General

Bokeo opens women and children’s protection shelter

The opening of the Lao Women’s Union Protection Shelter for Women and Children, supported by UNFPA and the Australian Government, took place in the northern province of Bokeo on April 20.

This shelter is the 3rd Government-run protection shelter for survivors of violence in the country. It is essential given it is a high-mobility area due to the number of remote communities in the province, the diversity of ethnic groups, and its proximity to the Special Economic Zone and neighbouring countries.

“Bokeo is a province where many women work in restaurants, entertainment venues and as migrant workers. Therefore, women here have a high chance of being taken advantage of; lied to; lured into sex work, and face violence. Under the Government’s “Three Builds” policy, this shelter will be a place for survivors to seek help and also a place for referrals to other specialised sectors,” said Ms Inlavanh Keobounphanh, President of the Lao Women’s Union.

Protection shelters temporarily accommodate survivors of violence or those at risk of violence or trafficking, regardless of gender. In the Lao PDR, those seeking shelter are predominantly women and girls (at times women with their children) fleeing violent or exploitative situations. Shelters keep survivors safe from further harm from the perpetrator/s and support them in recovery.

This shelter will offer case management services, including psycho-social support, basic medical assistance, legal support, and follow-up care. In addition, the shelter may provide economic assistance and/or vocational training to equip survivors with the necessary skills to lead independent and empowered lives.

“The protection centre for women and children is here to help women and children who are at risk of being victims of violence in all aspects, including violence against children and human trafficking. In addition, it will protect the legitimate rights and interests of women and children and disseminate information on the laws, policies, regulations, and international conventions that the Lao PDR has ratified to the victims in various forms. Thus, this task is crucial to bring benefits and justice to women and children while contributing to socio-economic development,” said Mr Khamphaya Phompanya, Vice Governor of Bokeo.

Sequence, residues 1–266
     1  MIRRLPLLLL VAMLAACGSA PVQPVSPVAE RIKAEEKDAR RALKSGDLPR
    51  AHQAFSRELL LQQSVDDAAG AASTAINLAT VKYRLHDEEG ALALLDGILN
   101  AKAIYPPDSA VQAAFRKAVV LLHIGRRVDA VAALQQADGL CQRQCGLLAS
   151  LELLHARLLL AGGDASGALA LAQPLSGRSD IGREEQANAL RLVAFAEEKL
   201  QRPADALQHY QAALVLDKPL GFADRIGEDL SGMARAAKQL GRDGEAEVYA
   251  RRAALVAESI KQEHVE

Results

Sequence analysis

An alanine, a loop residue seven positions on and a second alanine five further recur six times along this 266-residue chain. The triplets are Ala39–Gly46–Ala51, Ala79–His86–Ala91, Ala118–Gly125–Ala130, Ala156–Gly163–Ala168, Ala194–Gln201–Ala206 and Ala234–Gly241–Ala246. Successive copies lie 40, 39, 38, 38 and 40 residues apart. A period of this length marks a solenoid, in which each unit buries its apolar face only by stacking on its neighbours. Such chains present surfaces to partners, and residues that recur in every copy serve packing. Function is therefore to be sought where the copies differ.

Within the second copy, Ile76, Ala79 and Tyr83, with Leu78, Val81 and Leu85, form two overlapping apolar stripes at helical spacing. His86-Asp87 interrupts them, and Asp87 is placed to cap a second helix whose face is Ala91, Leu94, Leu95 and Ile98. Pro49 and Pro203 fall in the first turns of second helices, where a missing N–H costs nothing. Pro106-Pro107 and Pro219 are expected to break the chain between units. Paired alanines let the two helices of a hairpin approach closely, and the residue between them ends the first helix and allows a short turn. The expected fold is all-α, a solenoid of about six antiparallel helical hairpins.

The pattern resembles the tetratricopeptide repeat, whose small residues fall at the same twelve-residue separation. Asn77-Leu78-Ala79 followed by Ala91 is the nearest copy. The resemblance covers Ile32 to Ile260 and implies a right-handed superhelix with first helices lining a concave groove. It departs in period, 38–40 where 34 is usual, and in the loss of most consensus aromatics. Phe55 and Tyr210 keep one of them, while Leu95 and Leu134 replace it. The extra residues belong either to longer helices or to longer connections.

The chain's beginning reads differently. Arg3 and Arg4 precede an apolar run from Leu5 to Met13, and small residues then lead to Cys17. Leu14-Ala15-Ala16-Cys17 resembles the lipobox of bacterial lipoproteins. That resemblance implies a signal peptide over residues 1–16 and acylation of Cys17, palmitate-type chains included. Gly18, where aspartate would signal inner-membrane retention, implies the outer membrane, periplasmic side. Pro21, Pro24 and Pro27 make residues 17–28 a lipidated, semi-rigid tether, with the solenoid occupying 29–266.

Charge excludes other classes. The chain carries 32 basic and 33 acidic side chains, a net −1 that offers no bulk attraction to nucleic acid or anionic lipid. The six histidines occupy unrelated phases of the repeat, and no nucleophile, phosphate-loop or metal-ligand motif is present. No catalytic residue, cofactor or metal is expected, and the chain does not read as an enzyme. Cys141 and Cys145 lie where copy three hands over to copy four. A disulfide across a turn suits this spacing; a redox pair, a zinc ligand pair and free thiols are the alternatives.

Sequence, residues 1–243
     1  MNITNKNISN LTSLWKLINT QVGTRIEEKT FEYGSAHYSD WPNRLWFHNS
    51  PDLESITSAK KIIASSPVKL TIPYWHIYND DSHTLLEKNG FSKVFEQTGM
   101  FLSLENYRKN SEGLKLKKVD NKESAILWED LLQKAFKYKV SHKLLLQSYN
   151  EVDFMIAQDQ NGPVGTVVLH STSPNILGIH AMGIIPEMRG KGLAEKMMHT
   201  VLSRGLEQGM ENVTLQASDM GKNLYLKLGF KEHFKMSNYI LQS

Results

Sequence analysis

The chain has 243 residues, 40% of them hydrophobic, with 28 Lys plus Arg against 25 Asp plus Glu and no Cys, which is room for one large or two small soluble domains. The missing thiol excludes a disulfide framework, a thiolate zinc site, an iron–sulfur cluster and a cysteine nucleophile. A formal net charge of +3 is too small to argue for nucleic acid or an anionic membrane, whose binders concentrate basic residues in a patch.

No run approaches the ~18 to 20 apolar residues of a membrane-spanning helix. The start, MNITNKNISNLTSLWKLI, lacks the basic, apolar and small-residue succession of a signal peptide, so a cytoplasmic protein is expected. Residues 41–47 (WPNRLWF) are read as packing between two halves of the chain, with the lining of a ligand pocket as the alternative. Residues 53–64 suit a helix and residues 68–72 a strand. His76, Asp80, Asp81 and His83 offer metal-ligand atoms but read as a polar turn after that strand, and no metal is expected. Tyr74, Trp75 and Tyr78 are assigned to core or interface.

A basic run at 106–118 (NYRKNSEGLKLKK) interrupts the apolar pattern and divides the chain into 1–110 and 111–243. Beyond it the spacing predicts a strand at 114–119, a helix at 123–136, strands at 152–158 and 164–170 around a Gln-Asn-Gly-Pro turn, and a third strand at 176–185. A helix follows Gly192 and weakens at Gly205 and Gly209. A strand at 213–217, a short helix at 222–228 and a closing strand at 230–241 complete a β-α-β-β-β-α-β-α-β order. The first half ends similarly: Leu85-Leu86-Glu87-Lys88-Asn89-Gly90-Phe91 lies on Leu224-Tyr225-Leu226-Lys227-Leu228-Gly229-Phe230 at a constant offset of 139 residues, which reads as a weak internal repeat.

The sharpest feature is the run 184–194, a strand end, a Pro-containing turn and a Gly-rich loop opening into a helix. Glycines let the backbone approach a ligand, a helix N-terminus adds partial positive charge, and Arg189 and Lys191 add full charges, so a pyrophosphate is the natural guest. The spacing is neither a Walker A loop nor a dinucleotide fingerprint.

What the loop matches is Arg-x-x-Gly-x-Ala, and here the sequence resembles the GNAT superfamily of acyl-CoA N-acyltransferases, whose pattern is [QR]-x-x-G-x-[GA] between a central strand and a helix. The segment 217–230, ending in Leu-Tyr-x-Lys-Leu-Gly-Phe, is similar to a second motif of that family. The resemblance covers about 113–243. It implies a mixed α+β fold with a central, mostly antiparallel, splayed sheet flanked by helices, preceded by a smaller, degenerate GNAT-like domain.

“UNFPA is supporting Laos to implement nationwide the globally recognised Essential Service Package for Elimination of Violence against Women. Shelters are a key component. UNFPA and LWU are also focusing on strengthening Social and Health Services for GBV response. I appreciate that the Governor provided the site and building for renovation – government ownership and contribution are critical for ensuring sustainable development, while the Australian investment was instrumental for the renovation,” said Mariam A. Khan, UNFPA Representative.

In Laos, for every ten women who experience violence, seven seek no help at all from formal sources, and barely two of those women seek help from any authorities, such as the police, health, or social services. There are many reasons survivors are reluctant to seek help, including lack of knowledge, limited services available, and not having access to a safe space or refuge to seek protection.

Mr Matthew Banks, First Secretary of the Australian Embassy to the Lao PDR, said, “This opening ceremony is a reflection of our commitment to advancing gender equality and ending violence against women and girls in Laos and around the globe. Laos needs strong systems in place to deliver prevention and support services. Australia wants to support the Government and the community to achieve this change.”

Source: Lao News Agency